- Whether it’s a hobby or a profession, all cannabis growers need technical assistance at some point, particularly if they’re just starting out.
- There’s always a first time for everything, but as with anything, practice makes perfect – and cannabis growing is no exception.
- Over our 15 years in business, we’ve had the opportunity to help many of you take your first steps in the world of cannabis growing. This has given as first-hand knowledge of the challenges you must face as growers, and now we’ve turned this valuable information into a list of frequently asked question about cannabis growing. Scroll down for the answers!
1. How can I germinate my cannabis seeds?
The best way to ensure a successful result is to place each seed in a Jiffy 7 style peat disk dampened with warm water (25-30 ºC), and store in a dark, warm cupboard (25-30 ºC).
If you keep the seeds in the fridge, remember to take them out 24 hours in advance to shake them out of their lethargy and increase the chances of success. Germination typically takes anywhere from one day to a week.
Alternative germination methods include placing the seeds in a glass of water or directly into soil, but we strongly recommend against them due to their low success rate.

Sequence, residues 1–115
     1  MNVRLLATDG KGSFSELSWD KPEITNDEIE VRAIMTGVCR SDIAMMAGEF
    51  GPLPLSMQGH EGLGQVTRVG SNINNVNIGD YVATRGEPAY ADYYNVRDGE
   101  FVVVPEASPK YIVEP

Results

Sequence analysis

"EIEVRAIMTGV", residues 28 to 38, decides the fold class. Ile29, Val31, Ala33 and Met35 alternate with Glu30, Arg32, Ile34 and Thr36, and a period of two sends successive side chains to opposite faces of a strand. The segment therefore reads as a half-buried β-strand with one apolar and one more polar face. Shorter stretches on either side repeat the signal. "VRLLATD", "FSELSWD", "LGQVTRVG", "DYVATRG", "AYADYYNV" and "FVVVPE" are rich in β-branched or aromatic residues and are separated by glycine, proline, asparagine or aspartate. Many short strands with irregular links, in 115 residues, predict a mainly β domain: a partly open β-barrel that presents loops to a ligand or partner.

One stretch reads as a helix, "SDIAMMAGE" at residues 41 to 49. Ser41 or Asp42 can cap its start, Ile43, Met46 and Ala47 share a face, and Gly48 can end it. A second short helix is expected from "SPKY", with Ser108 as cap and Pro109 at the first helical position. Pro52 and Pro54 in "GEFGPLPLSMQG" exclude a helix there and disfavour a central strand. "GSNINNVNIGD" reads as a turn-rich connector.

2. Which type of manure should I use?
From organic to mineral to organic-mineral, the choice of fertilisers developed specifically for growing cannabis is wide and varied.
That said, the type of fertiliser you choose is not really that relevant – it is more a matter of personal preference than anything else. What is important, however, is to always follow the instructions for use, which are generally available on the manufacturer's website.
Also, it is a good idea to stick to one brand so as to avoid compatibility problems which could potentially damage the plants.
3. My grow space is 1 square metre in area and 2 metres in height. How many plants can I grow? Which pot size should I use?
In a space this size, you can grow 8-10 plants in 7-litre pots or 4 plants in 20-litre pots. Either options are suitable for most cannabis strains and deliver good results in terms of yield and quality of the end product.
Both solutions ensure proper air circulation and allow the plants sufficient space to grow. Nearly all the strains in our assortment can be grown under these conditions without you having to prune or clip them.
4. How much water or nutrient solution do cannabis plants need?
Watering can be tricky for non-experienced cannabis growers. The amount of water or nutrient solution you should use is determined by aspects like the size of your plants and the climate conditions in your grow space. No less important, however, is to apply common sense and monitor the development of your plants daily, as this will give you a more accurate idea of their water needs.
One method that works very well is to compare the weight of a watered and an unwatered plant by manually lifting the plants in their pots. If you repeat this technique every day and watch the development of your plants, eventually you'll learn to tell when they need to be watered.
This simple method is very easy to learn, and once you master it, you'll be able to easily identify the nutritional needs of your plants. With the right amount of practice, this method will also allow you to monitor other key aspects of cannabis growing.